Key Points From the Interview
s a college student during the 2008 recession, George Vallone found hope in stories of people who were beating the economic downturn and actually turning the crisis to their advantage. When the COVID pandemic hit in 2020, he drew on these examples, and started looking into acquisition entrepreneurship.
George brought 10 years of experience in software sales to his acquisition decisions. One specific thing he took from his time in SaaS was the recurring revenue model, making that a priority in his search.
George also applied the sales funnel mindset to his search process. He used virtual assistants to put together a list of 400 cleaning businesses, looking specifically in cities that were seeing a lot of growth. He then got to work cold calling and conducting drip email campaigns.
Through a series of criteria, George whittled those 400 businesses down to three that he made offers on. He ultimately acquired Nuveldy's Apartment Turnover Services of Nashville, Tennessee, in January 2021.
Soon after taking over the business, George saw an opportunity to reposition it as solely focused on apartment turnover, that is, the deep cleaning and maintenance work done to an apartment unit to prepare it for the next tenant. He politely fired the company’s other clients and doubled down on apartment complexes, seeing significant growth in his first year of ownership.
In this episode of Acquiring Minds, George discusses the initial cash flow issues he dealt with and how they could have been avoided, and what he didn’t like about residential and Airbnb customers. He also outlines why it’s important to understand the seller’s motives, and shares his thoughts on roll-up and holdco acquisition strategies.
✳️ Top takeaways from the episode
✳️ Episode highlights with timestamps
Acquisition Entrepreneur: George Vallone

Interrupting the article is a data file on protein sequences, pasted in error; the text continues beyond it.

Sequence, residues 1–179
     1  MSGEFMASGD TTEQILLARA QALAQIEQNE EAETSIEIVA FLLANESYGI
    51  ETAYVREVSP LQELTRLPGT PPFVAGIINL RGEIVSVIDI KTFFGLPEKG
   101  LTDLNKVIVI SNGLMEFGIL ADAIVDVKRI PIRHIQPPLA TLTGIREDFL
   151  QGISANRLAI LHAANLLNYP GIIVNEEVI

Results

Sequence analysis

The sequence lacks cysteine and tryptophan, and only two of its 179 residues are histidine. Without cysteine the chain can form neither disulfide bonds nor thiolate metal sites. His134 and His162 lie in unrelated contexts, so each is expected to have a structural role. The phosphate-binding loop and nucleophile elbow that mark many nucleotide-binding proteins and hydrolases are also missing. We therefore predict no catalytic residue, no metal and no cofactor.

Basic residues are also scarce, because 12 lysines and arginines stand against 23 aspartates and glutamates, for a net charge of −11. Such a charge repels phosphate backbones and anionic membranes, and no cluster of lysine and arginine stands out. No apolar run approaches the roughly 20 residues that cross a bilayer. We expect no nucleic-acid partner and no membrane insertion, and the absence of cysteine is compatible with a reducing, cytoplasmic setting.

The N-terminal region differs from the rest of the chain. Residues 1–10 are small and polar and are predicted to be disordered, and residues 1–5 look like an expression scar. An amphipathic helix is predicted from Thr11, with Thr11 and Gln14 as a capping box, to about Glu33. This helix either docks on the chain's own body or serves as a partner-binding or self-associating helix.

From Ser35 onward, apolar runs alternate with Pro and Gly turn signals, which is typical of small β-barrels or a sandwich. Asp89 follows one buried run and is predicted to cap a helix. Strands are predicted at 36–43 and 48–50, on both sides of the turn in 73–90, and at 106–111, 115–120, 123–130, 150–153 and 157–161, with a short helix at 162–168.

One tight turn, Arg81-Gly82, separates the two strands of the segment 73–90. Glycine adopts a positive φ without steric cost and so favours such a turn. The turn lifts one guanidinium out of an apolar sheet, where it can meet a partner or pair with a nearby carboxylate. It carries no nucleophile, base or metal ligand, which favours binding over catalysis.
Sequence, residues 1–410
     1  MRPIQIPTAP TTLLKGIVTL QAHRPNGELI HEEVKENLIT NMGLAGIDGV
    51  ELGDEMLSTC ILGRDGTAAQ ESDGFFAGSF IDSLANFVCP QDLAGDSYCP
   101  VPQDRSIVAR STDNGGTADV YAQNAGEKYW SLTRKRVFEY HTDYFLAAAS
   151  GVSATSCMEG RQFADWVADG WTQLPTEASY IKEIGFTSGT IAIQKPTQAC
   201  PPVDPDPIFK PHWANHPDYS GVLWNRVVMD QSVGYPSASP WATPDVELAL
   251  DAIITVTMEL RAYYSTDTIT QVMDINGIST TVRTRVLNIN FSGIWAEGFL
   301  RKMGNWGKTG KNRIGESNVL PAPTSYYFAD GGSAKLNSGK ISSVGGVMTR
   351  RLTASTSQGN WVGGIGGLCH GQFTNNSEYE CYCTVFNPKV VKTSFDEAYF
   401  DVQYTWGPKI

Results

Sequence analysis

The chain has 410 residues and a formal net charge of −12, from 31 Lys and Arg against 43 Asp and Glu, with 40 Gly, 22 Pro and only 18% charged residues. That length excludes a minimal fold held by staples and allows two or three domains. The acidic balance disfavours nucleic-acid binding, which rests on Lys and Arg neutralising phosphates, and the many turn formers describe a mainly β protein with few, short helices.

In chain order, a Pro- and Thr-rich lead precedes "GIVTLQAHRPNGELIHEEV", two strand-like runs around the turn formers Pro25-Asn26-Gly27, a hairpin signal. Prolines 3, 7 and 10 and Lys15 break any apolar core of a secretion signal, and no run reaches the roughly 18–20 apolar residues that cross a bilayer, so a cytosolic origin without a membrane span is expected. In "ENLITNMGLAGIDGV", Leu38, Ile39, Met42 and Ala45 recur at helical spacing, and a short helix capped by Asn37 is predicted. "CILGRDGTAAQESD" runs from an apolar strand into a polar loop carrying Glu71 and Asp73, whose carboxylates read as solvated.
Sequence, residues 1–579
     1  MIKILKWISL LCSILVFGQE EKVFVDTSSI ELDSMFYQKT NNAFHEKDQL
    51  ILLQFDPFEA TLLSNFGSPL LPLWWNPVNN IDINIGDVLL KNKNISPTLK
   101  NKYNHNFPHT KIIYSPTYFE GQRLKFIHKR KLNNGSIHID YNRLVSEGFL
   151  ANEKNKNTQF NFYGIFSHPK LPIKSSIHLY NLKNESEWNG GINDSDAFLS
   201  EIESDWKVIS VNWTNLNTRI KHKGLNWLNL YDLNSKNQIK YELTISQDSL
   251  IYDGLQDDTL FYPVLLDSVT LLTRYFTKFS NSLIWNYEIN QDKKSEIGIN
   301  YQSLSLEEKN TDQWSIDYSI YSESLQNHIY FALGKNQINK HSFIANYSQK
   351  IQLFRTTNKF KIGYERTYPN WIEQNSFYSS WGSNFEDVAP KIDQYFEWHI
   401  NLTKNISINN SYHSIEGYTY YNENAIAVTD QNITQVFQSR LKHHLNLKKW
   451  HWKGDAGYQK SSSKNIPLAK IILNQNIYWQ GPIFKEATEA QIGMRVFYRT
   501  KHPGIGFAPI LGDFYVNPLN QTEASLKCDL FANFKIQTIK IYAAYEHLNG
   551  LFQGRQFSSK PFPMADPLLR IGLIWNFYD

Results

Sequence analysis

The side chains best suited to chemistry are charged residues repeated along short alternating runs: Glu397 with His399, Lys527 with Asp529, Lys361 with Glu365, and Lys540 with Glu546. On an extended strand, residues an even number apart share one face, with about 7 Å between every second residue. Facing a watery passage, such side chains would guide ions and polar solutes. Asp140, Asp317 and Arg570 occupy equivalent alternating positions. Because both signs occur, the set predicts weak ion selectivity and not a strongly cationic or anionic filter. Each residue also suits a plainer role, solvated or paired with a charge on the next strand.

💵 What he acquired: When the COVID pandemic struck in 2020, George drew on examples of people who had thrived during the Great Recession of 2008. He began looking around for business opportunities, and settled on the buy-and-build method. He put together a search framework, and acquired Nuveldy's Apartment Turnover Services in January 2021.
💡 Key quote: “It's not, Hey, I want to buy your business: It’s I want to have a conversation about how much your business is worth, and then I'll decide if I want to buy it or not. It's not predatory, and they're getting some value out of that conversation as well. I'm an investor, let's talk about your valuation. If I don't like it, at least now you know what your valuation is from somebody who could buy your business, and maybe why I'm walking away or why I want to move forward.”
👋 Where to find him: LinkedIn
Acquisition Tips From the Episode
Top takeaways from this conversation
✔️ Avoid a cash flow crunch by understanding every step of the payment process.
When George was modeling Nuveldy’s finances, he neglected to consider certain aspects that could impact his cash flow.
Apartment turnover services must be credentialed by insurers, and register a tax ID number with every property. Until those steps are completed, the customer won’t pay. George wasn’t aware of this and assumed he’d be seeing payments immediately.
He also didn’t take into account that some businesses take a considerable amount of time to pay. Mailed payments take 30-60 days to arrive, compared to Automated Clearing House (ACH) payments, which take about two weeks.
George switched some customers over to ACH. It took four to six weeks to get everything in place so his customers could pay him. He wasn’t collecting any money during this time.
“When you take over a new business, understand how the cash is going to flow into your business. Don't do your projections on an accrual basis. Do them on a cash flow basis, because you really need to understand when that cash is actually going to hit your bank account,” George says.